Hail hail rock and roll! And hail Lou Reed for getting right back to the essence of what it's all about….
This almost perfect album [Lou Reed] has ten cuts—all of them containing some of the grittiest rock sounds being laid down today. It is skeletal rock—sexy, pimply, crude and sophisticated, all at the same time….
Just as arresting as Reed's voice are his lyrics, which combine a New York street punk sensibility and rock song cliches with a powerful poetic gift. On "Lisa Says," Reed sings, "Lisa says hey baby if you stick your tongue in my ear / Then the scene around here will become very clear." That says as much about raw sex as any two lines I can think of in rock literature. On "Wild Child," my favorite cut on the album, [the lyrics are an example] of Reed's brilliantly offhand incisiveness….
Reed's tunes, which are based on the cliche phrases of Fifties teen laments, are inconsequential but endearing as sung in his lost adolescent's cracked voice. His artistic self-awareness, however, is so secure that he invariably turns less into more. For he not only awakens nostalgia for Fifties rock, he shows that it is still a vital resource for today's musicians…. The overall impression is that of a knowing primitivism, as serious as it is playful, and never less than refreshing. Listening to Reed is not only a pleasure, it is a lesson in how to make first-rate rock and roll music. By keeping close to the roots he is keeping the faith.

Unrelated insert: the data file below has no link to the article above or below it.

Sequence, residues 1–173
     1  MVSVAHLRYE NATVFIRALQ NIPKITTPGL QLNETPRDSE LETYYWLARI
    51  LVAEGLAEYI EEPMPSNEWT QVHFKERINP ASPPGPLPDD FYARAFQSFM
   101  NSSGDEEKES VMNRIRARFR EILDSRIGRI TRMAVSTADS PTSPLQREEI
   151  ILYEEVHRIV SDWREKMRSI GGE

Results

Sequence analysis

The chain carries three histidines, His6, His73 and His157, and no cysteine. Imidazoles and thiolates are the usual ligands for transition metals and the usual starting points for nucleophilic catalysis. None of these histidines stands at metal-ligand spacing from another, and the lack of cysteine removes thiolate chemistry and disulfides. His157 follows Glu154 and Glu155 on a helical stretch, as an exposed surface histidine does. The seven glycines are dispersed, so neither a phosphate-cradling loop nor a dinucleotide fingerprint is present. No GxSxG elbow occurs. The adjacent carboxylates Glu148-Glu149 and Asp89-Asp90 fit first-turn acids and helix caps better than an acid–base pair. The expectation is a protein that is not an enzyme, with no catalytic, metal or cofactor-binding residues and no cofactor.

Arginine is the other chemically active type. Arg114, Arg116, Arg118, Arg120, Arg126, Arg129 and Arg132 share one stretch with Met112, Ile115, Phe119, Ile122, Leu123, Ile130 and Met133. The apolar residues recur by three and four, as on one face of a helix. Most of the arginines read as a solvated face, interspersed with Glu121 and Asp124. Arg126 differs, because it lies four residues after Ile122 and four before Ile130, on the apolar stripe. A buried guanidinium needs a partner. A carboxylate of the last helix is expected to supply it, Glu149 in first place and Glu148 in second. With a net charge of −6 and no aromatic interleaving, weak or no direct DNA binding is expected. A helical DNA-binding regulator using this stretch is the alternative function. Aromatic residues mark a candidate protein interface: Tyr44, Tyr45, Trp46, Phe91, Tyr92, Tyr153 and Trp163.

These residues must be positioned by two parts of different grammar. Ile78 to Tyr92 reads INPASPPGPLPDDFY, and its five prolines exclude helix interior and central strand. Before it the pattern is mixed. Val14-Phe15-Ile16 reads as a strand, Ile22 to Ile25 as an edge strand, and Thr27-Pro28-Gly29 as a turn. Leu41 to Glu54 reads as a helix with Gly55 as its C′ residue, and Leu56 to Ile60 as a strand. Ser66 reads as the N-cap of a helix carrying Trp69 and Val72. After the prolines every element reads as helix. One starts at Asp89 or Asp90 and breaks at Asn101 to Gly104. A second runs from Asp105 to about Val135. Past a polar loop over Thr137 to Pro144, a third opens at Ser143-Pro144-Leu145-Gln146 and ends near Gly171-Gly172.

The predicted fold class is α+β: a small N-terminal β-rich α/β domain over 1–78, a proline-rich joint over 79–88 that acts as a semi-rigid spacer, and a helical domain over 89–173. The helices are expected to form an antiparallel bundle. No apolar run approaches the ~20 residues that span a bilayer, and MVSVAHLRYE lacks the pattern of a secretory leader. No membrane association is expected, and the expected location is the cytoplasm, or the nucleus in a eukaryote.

Stephen Holden, "Records: 'Lou Reed'," in Rolling Stone (by Straight Arrow Publishers, Inc. © 1972; all rights reserved; reprinted by permission), Issue 109, May 25, 1972, p. 68.